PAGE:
The author has put the Battle of Agincourt into perspective against other important, if less well known, battles and engagements, providing also a greater depth to his presentation of the war than other authors have. The reader will come away from this book with a new understanding of how the armies fought and why the fortunes of war fell as they did. The author has given deserved honour to Henry V’s captains who have frequently been overlooked in other histories and details the parts played for France by Bertrand du Gueschlin and Joan of Arc.

The great achievement of the author is to present his careful research and compelling arguments in a manner that is both satisfying to the historian, without reducing the attraction to the layman. There are few illustrations, but the text conveys the drama and paints the pictures in an excellent piece of work.

Book Review – Decisive Battles of the English Civil War



The author has conducted an original investigation and provides a stimulating review of the battles that shaped the civil war and carried Parliament to ultimate victory. He has taken each major battle in turn, looking critically at contemporary accounts and established narratives of historians. In the process, he questions some established wisdom, providing a new perspective to the battles as he mounts compelling arguments to support his study.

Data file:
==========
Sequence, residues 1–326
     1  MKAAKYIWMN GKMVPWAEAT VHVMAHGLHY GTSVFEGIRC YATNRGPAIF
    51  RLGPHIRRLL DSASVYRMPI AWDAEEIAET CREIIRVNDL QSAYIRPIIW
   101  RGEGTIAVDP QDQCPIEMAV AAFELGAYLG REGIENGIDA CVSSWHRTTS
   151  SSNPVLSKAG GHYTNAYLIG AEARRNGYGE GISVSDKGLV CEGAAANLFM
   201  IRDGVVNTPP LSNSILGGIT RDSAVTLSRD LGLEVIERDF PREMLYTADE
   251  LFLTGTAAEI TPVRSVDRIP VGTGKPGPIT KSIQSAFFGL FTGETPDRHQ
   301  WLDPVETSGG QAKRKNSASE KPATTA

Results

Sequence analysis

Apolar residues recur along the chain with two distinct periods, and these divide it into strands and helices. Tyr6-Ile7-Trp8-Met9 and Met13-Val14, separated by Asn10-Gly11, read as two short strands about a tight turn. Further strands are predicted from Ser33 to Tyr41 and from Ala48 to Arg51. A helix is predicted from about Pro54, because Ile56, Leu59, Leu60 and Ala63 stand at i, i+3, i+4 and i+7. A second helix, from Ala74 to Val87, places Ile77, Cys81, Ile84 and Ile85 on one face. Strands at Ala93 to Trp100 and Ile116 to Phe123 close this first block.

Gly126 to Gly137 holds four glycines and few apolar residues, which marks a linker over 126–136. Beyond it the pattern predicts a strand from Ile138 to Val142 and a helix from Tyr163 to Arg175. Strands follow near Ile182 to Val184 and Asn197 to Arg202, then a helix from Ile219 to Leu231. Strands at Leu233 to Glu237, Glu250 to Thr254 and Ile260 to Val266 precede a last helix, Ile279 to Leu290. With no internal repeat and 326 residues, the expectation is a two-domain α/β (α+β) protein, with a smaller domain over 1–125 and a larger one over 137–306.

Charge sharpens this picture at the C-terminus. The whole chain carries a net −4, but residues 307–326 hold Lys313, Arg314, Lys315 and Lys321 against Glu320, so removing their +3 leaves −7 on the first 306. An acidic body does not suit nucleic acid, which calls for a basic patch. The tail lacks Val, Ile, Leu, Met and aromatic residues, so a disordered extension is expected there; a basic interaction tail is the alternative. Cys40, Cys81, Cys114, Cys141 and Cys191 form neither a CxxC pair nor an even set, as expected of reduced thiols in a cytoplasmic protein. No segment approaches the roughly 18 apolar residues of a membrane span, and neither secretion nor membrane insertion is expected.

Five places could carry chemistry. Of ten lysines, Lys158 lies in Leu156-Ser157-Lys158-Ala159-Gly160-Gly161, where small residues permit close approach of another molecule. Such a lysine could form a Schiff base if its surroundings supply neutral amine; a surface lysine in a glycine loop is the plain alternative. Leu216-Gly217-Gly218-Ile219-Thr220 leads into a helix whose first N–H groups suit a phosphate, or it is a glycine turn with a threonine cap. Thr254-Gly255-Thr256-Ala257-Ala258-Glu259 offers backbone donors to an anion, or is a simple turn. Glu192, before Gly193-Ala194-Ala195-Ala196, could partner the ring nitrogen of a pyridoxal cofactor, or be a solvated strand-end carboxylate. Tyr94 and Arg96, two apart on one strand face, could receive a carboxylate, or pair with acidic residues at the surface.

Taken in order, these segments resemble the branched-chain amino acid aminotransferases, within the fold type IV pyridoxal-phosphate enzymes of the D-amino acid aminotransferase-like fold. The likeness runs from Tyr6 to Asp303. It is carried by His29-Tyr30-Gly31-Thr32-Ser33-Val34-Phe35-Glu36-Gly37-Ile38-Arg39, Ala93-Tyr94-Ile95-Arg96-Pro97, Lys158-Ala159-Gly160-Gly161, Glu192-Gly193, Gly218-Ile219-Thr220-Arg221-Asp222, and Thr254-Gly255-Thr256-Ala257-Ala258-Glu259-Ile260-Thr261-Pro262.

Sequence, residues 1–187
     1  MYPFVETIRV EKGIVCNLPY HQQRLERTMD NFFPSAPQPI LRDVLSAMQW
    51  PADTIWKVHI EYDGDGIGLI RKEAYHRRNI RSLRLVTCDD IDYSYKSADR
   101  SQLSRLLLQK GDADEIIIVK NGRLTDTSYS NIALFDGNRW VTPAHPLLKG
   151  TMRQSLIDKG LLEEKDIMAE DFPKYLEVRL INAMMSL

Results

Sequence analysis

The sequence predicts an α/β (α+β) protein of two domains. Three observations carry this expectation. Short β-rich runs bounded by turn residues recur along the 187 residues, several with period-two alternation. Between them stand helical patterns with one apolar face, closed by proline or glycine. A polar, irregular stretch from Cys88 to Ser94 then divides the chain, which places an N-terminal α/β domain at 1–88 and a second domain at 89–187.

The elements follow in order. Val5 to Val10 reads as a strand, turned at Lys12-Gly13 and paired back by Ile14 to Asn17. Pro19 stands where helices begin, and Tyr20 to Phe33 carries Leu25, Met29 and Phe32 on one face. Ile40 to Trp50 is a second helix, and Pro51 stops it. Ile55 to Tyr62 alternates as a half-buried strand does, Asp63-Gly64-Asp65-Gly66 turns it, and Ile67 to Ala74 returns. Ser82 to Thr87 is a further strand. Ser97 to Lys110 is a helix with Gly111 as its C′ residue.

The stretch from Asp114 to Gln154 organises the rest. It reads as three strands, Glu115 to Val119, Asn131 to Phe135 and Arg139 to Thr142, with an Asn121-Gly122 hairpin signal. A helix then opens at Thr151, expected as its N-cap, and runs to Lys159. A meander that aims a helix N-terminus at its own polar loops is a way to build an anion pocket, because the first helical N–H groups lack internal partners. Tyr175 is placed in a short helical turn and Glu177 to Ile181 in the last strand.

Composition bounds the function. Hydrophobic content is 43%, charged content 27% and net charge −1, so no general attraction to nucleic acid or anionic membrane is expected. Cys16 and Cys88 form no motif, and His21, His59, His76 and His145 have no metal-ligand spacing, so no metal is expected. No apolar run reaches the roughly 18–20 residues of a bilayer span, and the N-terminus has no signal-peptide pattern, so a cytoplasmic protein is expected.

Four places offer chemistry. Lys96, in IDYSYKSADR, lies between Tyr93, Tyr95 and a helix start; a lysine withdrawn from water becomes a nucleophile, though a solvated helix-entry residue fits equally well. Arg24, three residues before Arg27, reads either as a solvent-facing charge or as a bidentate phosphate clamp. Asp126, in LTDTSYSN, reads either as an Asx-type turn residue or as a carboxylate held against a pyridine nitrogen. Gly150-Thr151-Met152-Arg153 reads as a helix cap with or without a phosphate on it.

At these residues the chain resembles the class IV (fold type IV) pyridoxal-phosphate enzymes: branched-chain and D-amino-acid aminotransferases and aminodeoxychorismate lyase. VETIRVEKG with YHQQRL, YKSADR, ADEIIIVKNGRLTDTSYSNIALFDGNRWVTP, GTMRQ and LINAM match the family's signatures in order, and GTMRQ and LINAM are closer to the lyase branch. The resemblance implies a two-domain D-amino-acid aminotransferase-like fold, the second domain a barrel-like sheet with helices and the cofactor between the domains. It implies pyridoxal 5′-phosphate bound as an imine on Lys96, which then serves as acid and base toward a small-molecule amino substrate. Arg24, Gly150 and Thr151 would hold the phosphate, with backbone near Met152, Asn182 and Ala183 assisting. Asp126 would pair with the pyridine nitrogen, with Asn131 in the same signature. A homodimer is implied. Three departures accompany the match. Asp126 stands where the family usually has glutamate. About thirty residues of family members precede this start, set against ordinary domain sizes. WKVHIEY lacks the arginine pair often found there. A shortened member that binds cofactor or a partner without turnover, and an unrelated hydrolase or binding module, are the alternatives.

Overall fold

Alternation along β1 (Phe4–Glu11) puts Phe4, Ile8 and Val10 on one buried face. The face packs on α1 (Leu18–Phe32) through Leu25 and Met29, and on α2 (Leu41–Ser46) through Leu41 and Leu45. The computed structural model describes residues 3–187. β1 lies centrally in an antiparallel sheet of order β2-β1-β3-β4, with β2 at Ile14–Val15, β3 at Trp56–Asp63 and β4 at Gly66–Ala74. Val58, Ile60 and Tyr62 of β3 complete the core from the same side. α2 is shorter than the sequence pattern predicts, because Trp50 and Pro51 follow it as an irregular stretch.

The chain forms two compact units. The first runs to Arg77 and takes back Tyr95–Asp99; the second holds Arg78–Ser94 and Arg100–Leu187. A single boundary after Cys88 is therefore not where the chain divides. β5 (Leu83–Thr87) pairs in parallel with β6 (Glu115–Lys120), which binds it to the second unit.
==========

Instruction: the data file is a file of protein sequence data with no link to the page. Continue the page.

Book Review – The Spartan Supremacy 412-371 BC


Sparta was a small city state. Only one part of its history has been heavily covered by historians, who have neglected the periods to either side of the Peloponnesian War. The result is that Sparta is not set in perspective against its history. What historians have done is take a decision on what they think is interesting or important against a wider canvas. This new study corrects previous defects in coverage and the result is a very readable book that looks at to period 412-371 BC to give a true perspective of Sparta, addressing questions previously ignored.

New Book – Technological thriller delving into the world of space exploration by fashionable entrepreneur


A revolutionary project to construct an orbiting solar power station throws a feisty and fashionable venture capitalist headlong into a complex and dangerous web of intrigue in this exciting new technological thriller.